Facts about the History of the Discovery of Lithium Element
Lithium was discovered by Johann Arfvedson in 1817 when he was analyzing minerals from the island of Uto in Sweden. The element was isolated by W.T. Brande and Sir Humphry Davy.
Sir Humphry Davy
Sir Humphry Davy (1778-1829) isolated Sodium, lithium, Potassium, barium, strontium, and Calcium by means of electrolysis. Davy also demonstrated the elementary nature of Chlorine, invented the safety lamp and discovered the stupefying effects of nitrous oxide.
Sir Humphry Davy (1778 - 1829)
Lithium as on the Periodic Table
Check out Lithium on the Periodic Table which arranges each chemical element according to its atomic number, as based on the Periodic Law, so that chemical elements with similar properties are in the same column. Our Periodic Table is simple to use - just click on the symbol for Lithium as on the Periodic Table for additional information and for an instant comparison of the Atomic Weight, Melting Point, Boiling Point and Mass - G/cc with any other element. An invaluable source of facts and information as a Chemistry reference guide.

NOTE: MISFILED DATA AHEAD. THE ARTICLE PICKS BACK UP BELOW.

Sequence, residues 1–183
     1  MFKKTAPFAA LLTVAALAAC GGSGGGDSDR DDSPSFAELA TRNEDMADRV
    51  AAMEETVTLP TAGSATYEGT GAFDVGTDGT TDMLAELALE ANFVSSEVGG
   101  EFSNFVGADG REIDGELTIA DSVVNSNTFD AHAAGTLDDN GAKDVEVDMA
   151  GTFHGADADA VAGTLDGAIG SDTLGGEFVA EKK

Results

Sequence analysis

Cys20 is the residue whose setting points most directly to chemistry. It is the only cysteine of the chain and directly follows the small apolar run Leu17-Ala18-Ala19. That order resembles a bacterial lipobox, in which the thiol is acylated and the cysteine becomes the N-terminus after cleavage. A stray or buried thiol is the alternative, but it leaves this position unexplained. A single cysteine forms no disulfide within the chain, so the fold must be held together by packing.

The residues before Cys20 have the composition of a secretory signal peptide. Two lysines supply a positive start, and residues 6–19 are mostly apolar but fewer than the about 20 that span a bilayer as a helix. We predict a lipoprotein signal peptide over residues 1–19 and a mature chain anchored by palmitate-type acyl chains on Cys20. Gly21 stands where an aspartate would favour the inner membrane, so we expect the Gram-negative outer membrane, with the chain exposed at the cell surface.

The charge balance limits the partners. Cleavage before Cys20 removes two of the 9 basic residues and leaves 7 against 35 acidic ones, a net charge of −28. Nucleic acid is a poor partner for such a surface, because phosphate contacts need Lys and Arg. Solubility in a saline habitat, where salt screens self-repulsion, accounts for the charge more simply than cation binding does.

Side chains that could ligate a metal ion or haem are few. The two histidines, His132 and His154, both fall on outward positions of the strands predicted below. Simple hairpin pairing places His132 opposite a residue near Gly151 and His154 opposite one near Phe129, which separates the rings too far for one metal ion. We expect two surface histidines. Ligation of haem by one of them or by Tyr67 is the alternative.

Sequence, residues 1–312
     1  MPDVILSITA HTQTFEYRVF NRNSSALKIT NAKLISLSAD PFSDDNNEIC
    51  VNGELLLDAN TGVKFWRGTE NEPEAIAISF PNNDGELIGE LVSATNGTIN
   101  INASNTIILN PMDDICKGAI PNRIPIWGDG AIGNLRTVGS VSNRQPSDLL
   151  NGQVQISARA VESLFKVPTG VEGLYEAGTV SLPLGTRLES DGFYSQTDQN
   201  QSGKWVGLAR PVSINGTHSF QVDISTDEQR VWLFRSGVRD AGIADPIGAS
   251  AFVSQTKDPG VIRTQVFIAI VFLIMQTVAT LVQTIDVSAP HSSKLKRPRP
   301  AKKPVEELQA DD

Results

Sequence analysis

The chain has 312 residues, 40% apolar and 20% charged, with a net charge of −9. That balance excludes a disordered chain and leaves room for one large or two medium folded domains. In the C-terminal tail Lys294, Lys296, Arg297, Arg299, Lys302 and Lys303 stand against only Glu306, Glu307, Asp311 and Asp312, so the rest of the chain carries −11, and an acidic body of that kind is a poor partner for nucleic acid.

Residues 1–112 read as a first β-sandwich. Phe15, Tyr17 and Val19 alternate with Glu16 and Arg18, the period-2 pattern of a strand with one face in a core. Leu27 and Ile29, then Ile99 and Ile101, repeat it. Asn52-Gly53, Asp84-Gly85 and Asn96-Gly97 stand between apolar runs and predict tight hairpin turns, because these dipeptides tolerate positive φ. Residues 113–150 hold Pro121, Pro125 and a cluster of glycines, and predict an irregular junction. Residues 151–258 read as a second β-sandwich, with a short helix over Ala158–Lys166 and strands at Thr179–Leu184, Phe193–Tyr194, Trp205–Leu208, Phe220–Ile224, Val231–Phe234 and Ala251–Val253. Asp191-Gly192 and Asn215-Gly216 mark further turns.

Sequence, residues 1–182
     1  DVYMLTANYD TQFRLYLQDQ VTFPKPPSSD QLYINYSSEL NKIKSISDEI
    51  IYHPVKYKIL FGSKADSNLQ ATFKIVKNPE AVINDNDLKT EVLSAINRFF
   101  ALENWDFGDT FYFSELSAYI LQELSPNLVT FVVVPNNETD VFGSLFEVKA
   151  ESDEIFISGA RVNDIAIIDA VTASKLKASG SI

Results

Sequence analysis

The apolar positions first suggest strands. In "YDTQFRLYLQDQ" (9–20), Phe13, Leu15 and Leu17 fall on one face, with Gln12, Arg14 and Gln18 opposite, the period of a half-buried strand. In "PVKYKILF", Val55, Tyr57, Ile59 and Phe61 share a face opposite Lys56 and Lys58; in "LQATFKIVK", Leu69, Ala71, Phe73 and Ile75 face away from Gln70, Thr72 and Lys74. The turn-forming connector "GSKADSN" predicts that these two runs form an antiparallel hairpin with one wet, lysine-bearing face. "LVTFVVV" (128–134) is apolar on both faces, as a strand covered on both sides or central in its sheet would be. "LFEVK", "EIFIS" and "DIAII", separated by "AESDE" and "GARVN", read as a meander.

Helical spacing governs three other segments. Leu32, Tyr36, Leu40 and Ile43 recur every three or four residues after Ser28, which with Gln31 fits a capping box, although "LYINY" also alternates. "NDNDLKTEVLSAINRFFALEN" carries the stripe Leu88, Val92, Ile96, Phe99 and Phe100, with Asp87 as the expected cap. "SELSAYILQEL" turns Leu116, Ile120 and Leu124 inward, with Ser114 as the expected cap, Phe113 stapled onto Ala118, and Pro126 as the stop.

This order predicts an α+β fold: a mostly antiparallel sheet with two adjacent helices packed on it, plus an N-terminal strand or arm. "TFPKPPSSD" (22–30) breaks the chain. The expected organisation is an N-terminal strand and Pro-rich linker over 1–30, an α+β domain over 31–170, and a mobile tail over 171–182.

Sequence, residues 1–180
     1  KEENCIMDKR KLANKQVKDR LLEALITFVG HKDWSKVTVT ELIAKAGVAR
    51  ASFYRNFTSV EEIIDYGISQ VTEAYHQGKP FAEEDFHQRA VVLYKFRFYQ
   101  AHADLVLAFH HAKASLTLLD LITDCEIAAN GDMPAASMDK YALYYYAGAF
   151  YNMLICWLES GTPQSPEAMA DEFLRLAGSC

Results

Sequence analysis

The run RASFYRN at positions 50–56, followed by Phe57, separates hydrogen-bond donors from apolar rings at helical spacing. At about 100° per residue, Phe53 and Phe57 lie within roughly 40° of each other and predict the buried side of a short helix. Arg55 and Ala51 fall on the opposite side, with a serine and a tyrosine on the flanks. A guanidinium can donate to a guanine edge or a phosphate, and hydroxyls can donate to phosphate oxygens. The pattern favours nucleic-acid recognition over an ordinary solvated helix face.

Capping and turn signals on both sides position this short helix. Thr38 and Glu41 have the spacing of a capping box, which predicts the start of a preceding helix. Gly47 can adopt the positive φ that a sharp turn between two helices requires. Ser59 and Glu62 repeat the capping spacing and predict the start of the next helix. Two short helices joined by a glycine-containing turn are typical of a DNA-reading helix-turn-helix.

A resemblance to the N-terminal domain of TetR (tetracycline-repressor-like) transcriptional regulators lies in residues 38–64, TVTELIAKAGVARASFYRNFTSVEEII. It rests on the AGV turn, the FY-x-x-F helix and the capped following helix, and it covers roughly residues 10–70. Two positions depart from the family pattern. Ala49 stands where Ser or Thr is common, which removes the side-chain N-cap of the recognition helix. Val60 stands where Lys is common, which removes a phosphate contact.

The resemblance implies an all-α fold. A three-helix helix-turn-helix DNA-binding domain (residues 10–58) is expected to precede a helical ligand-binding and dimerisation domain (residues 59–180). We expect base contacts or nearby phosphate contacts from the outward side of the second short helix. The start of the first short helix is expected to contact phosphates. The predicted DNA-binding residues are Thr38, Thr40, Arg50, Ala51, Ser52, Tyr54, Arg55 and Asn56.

Other elements classified as Alkali Metals
Alkali metals are soft, malleable, ductile, and are good conductors of heat and electricity. The other elements contained in this classification are as follows:
What is Lithium - IUPAC and the Modern Standardised Periodic Table
The Standardised Periodic Table in use today was agreed by the International Union of Pure Applied Chemistry, IUPAC, in 1985 and now recognises more periods and elements than Dimitri Mendeleev knew in his day in his day but still all fitting into his concept of the "Periodic Table" in which Lithium is just one element that can be found.
Learn about what is Lithium with these fast facts...
These articles contain facts and information relating to Lithium and each of the other elements including the Periodic Symbol, group, classification, properties and atomic number which is often referred to as the Periodic Table Number. Test your knowledge of chemistry and the Periodic Table by completing the Element Symbols and Atomic Numbers on our Blank Periodic Table. Chemistry students will also find a helpful section on Chemical Formulas.